The tipping point:death to the capitalist swine

I seem to have reached a tipping point, of sorts. Finally, despite my best liberal intentions, hacked off to the back teeth (if that is a real expression) with the smug, self-satisfied, patronising exploitative buggers who run this country.

The final straw are the Barclays LIBOR buggers…for whom i have a plan to be revealed later.

I suspect i am not alone. While a fair few of my online acquaintance would quite put to shame my far left acquaintance of university days, i have continually madeallowances…excuses, if you like…for the idiots in charge.

Corrupt politicians: a silly system, put in place because no-one would grasp the nettle of a decent remuneration package. Press intrusion (and criminality): a structural issue…because what the public demand by way of intersting stories just aren’t deliverable within the current framework. And the bankers, round I? An unfortunate pandering to a public that wanted loads, and couldn’t quite understand the economic distortions that were the only way to deliver an impossible prosperity.

But with each hammer blow to the pretensions of the system to be anything other than self-serving and criminal, my doubts grew. And this week…we-ell,its the combination of preachiness from the banks and the total abandonment of bopth common sense and morality that ruyns alongside. That’s what really gets my goat.

Because i’m no stranger to the higher realms of banking. Back in the dim and distant, before i exchanged my consultancy briefcase and obligatory business suit for journalistic jeans and t-shirt, i did work,atfairly high level, with almost every one of the major high st banks. (Worked, too, for most of the newspapergroups, though that’s another story).

I know how finance works:know, too, about financial systems.Security. IT.

Which makes the dismissive way that banks react when it is suggested that they haven’tgot matters quite right on issues like “name change” or data protection doubly insulting. I know enough about the background to know that many of their “security solutions” are anything but: that the formalities they demand of customers wishing to change name don’t cut the mustard when it comes to protecting identity or safeguarding banks from ID fraud. So its bad enough they aren’tintersted in listening.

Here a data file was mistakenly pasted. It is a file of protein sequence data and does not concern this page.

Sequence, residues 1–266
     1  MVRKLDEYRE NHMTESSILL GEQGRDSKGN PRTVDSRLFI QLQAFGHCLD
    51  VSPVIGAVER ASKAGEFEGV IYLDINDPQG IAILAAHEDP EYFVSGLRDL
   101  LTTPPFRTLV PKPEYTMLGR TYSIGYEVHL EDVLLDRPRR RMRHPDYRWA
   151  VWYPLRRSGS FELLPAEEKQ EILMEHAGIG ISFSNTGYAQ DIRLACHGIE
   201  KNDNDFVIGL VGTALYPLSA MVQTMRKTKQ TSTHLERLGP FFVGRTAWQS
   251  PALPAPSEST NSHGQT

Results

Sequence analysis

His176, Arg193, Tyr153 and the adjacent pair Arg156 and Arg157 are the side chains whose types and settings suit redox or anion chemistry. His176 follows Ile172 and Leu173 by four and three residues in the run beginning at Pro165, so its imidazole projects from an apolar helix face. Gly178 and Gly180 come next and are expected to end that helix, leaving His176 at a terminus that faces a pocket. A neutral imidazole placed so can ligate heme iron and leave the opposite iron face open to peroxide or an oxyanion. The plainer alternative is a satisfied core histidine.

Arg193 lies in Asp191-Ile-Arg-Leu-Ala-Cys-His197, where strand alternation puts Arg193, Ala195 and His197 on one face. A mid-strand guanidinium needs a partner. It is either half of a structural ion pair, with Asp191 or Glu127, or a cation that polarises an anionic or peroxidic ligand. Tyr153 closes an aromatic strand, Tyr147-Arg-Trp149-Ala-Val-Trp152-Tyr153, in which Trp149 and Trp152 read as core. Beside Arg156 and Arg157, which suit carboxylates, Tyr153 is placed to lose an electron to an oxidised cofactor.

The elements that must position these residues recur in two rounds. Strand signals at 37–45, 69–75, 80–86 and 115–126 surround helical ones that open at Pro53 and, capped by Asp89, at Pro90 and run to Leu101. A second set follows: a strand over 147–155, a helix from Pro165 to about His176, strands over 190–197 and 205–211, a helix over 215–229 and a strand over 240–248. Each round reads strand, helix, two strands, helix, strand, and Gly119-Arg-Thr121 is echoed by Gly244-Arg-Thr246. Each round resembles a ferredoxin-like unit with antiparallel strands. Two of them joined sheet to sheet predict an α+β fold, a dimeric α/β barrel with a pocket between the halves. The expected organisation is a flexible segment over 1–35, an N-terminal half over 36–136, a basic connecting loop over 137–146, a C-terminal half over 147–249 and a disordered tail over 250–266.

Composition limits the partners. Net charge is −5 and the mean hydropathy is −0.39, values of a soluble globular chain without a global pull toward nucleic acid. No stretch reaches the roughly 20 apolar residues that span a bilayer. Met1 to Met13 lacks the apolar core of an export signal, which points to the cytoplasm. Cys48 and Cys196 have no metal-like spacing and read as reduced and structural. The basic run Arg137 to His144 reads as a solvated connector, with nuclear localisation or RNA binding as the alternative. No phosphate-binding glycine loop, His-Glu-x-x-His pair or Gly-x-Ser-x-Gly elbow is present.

Worse, too, in a way, because expertise i have in this area – which is considerable – is on offer pretty much free of charge when, were i still being rented out through one of my consultancy organisations, they’d be paying £1,000 a day plus for my time and insight.

The bottom line is: its arrogance writ large. Banks, in general, seem to have swallowed hook lineand sinker the myth that because they are banks and their customers aremere mortals, we should bow down in awe any time they intone the mantra “security, security, security”: even though, nine times out of ten,they don’tunderstand the concept themselves and don’t really understand how to achieve it.

That’s one half of the equation. Against which comes evidence of systemic corruption and criminality. The sort of disingenuous disgraceful behaviour that, were any one of us unwashed public to attempt it, would have the banks threatening legal action within seconds.

No. Its the final straw. The tipping point. I’ve been prepared to accept that the banks were PART of the issue…but in some instances, as much victim as perpetrator. Now, with the revelation that the banks themselves colluded to fix interest rates in a ways that could well have made the world recession that much worse…now, the gloves are off.

I don’tbelieve a word they say any more…and it is time they were taken down a peg or two.

jane xx


2 Responses so far »

  1. 1

    Rebecca Ashling said,

    When it comes to usury and its practictioners, I have a very medieval mindset. Where are the crosses for the crucifixions? The stakes for the for the impalings? The wheels for the breaking of limbs? These vermin need to be exterminated slowly, painfully, publically as an example for the edification of the next ten generations. To bring home the lesson that usury is a filthy, vile act. Thank you, rant over. I feel much better now.

  2. 2

    Caroline said,

    What Rebecca said but more so…

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